Surely Apple should do all the virus scanning at app store level, and remotely disable any evil app that gets through. This will save bazillions of CPU cycles on portable devices and hence battery.

    If I need to run AV on my phone - I've brought the wrong phone.

    Opening the whole phone route structure up to a virus scanning app sounds like a huge step backwards to me!

    Ed

  29. Anonymous Coward
    Anonymous Coward

    Ooh look

    there are two kinds of people -

    those who don't have sex with strangers

    and

    those who wear a condom

    1. No, I will not fix your computer
      Joke

      Re: Ooh look

      I'm sure there's a joke about a trojan in there somewhere.......

  30. yury.prokashev@edufun.me

    Unwise words from Kaspersky

    Apple has it's own game in iOS security. It is for sure. And Apple does not need Kaspersky, since they rejected his proposal.

    So Kaspersky frustration is understood. What is not understood - his behavior after he had been rejected.

    Imho, after Eugene Kaspersky publicly admitted his frustration with this wording, he closed his door to Apple forever.

    It seems Apple does not think, it needs Kaspersky's products.

    So Apple rejected it.

    And I can hardly believe Apple has done it foolishly, without thinking.

    Now, when Kaspersky say "Apple is stupid, they will fail without me" - it sounds weird.

    And it does not give points to Kaspersky.

    Vice versa.

    There are many security product developers like Kaspersky, whilst Apple...

    Well, everyone knows what Apple is... :)

  31. ckensek

    Aiming to get Bitten By Hackers

    Arrogance on Apple's part. They will get hacked. Customers will get hit. Apple will go "whoops" but that won't help the customers hit.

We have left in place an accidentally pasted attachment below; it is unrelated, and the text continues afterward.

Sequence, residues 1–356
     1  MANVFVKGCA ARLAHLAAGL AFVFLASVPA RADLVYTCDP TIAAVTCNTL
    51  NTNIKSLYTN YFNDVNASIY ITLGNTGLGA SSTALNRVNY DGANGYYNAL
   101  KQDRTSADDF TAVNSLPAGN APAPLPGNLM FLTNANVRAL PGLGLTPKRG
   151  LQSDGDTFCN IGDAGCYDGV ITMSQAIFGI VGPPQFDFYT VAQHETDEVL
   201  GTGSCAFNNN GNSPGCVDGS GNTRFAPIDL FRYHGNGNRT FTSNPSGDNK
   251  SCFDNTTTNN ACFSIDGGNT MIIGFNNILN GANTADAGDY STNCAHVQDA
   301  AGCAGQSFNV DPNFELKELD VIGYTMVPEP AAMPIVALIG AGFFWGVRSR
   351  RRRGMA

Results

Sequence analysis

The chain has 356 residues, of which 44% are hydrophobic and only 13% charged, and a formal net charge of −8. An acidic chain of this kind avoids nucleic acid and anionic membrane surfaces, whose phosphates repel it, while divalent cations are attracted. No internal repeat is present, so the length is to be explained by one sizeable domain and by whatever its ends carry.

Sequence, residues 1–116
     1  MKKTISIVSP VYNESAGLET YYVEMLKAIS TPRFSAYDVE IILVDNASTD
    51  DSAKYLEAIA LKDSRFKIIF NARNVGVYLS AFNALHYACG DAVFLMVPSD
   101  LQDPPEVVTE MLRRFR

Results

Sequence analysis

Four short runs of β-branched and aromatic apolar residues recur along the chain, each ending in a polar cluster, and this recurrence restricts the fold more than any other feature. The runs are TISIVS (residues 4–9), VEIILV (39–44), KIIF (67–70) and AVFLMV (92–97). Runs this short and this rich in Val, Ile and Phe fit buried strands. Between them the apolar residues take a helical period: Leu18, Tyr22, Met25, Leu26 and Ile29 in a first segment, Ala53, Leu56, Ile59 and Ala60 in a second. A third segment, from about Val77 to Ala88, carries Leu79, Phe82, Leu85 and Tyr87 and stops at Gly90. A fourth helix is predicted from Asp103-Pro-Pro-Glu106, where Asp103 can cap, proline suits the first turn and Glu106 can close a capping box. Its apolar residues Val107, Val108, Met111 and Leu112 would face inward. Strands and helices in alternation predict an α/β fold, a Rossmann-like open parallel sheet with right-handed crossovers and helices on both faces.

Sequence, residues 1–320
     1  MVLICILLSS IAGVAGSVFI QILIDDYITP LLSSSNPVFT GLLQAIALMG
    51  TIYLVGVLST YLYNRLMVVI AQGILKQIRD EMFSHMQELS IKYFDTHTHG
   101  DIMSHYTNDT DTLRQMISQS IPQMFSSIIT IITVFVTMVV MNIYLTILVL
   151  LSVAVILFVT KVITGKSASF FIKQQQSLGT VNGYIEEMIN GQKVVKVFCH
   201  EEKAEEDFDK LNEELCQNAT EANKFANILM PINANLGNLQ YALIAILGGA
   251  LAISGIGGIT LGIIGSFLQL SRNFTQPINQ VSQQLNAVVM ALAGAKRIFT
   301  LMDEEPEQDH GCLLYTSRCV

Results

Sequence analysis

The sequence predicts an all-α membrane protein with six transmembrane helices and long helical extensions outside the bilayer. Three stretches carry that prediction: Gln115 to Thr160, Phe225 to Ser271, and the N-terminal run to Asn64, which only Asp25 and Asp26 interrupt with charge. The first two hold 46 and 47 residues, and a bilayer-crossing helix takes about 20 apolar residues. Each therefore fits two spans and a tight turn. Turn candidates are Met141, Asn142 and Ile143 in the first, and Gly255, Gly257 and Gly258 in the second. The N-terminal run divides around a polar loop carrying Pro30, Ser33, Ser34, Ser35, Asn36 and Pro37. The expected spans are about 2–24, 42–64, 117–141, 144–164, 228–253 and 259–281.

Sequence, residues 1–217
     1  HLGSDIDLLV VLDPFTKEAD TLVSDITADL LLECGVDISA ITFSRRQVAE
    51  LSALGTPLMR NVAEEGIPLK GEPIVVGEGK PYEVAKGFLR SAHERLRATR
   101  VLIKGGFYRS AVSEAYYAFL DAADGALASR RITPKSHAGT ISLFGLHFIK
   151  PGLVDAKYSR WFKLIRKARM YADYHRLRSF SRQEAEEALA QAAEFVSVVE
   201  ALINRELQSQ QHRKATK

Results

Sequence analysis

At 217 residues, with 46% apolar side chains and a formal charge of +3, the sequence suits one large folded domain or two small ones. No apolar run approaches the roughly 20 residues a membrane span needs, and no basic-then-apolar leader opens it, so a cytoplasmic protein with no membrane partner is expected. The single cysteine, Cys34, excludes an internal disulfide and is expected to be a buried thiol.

32. cloudgazer

    The reason Apple don't provide Kaspersky with any such API is of course that such an API would itself have to breach the sandbox - and so its presence would make iOS less secure. The same will probably be true for Windows RT tablets, and is presumably the case on WP7.

    This isn't a Mac vs PC thing, this is a heavily sandboxed device OS vs PC thing.

  33. Anonymous Coward
    Anonymous Coward

    Here's a thought.....

    Most of your average, idiot, windows users...you know the ones who seem to harbor virus...all have iPhones.

    If you don't think crime is going to target mobile your an idiot. NFC, Google Wallets, etc all scream attack me.

    That being said, I am not a fan of most AV's either, so I understand it.

  34. Anonymous Coward
    Anonymous Coward

    Target Rich Environment

    At some point the crooks are going to work out that there are a bunch of willing victims, with more money than sense (the definition of the average apple customer), and next to naff all protecting their digital lives.

    Sharks + Blood = the obvious

    Computer + No Security = the obvious

  35. Anonymous Coward
    Anonymous Coward

    AV Utility in General

    AV on a iOS device is rather useless, for the effort of trying to direct the device, simple detection and termination is easier. For an iOS it would be easier to brick the damn thing, if it seems buggered as a round of updates, and then restore from The Cloud (tm).

    And any one who jailbroke their own, is on their own as they were from the start, without support anyways.

  36. malwareprober
    Devil

    Hmmm

    Say What? Eugene wants to milk the iOS cow?

  37. This post has been deleted by its author

  38. Anonymous Coward
    Anonymous Coward

    AV hypocrites!

    Obviously none of you work in security. Have you seen the vulnerability reports for AV software, especially te much proclaimed Clam AV you see spouted forth by the naive in forums like these? Why install a product with marginal benefit and open yourself up to additional vulnerability exploits through increasing your systems attack vector surface area. You are morons!

  39. Anonymous Coward
    Anonymous Coward

    Tough for Biz

    Not being able to sell anti-virus for fruit sucks. After all those Apple machines get hacked and compromised, then Apple can pay for their evil ways and exploitation of Chinese slaves and U.S. consumers.